We learned from our guide that people still live in Terezin.  Some of the residents are descendants of the Czech civilians who were relocated by the Nazis in 1941.    Others moved to Terezin later to take advantage of the low rents -- our guide told us that Terezin is the cheapest place to live in the Czech Republic.  Despite the low cost-of-living, it's hard to imagine settling in a place where an estimated 33 thousand Jews died of disease or starvation, and another 90 thousand were deported to camps further in the east, almost certainly doomed to die.[1]  On our visit, I only saw two or three actual residents of Terezin.  The streets were quiet and empty; most of the people there were tourists, like us.

This was the first time I had ever visited a concentration camp.  I wondered how I would react to it.  Would I feel sadness?  Fear?  Would I sense the shadows of the souls whose light had been extinguished here?

Our tour bus stopped in the main square.  When we descended from the bus, I did not feel fear or sadness, nor did I sense shadows.   What struck me was the color.   Some buildings were painted shades of light yellow or goldenrod; other buildings were powder blue.   The large town square was covered in rich green grass, the sky above it a deep blue with white clouds.   Everything looked so normal:  so full of color.

In that moment it struck me that the people deported to Terezin did not live in a world of black-and-white. They lived in a world of fresh breezes, green grass, and blue sky like on the day we visited.  They lived their lives in color, just as we do.  History unfolds in color and we are living it now.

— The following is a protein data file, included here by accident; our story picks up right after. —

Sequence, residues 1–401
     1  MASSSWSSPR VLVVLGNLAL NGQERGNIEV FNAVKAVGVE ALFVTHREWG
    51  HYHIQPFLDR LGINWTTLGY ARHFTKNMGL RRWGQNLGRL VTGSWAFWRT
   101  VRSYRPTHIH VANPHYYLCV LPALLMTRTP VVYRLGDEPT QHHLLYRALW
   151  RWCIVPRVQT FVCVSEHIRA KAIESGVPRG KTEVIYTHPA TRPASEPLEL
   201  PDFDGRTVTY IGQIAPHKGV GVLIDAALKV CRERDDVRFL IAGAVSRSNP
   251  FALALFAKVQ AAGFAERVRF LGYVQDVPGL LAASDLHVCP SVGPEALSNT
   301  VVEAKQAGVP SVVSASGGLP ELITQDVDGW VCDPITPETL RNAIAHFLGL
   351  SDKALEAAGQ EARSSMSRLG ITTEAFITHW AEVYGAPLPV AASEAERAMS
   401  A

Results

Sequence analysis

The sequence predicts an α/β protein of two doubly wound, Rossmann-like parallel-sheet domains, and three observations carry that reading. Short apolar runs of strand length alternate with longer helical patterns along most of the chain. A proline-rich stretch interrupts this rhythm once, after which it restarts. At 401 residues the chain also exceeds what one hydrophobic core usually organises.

We live our lives in color, yet too often we think in black and white.  Black-and-white thinking is simple and certain.  It offers the security of landing on an answer and remaining there.  It demands that we filter out information that does not fit the answers we have embraced.  This plays out in ways big and small.

Here is one example.  Many people get their news from social media such as Facebook. When you log in to Facebook, you see a “newsfeed” of items posted by friends, and other items that Facebook’s algorithm predicts you might like to see.  If we see something we like in our newsfeed, we can let Facebook know by clicking on a “like” button.  Facebook keeps track of what we “like.”  Its algorithm  gives us more of what we “like,” so we have a lesser chance of seeing things we might not like.   As a result, the opinions that appear on our newsfeed are often those with which we already agree.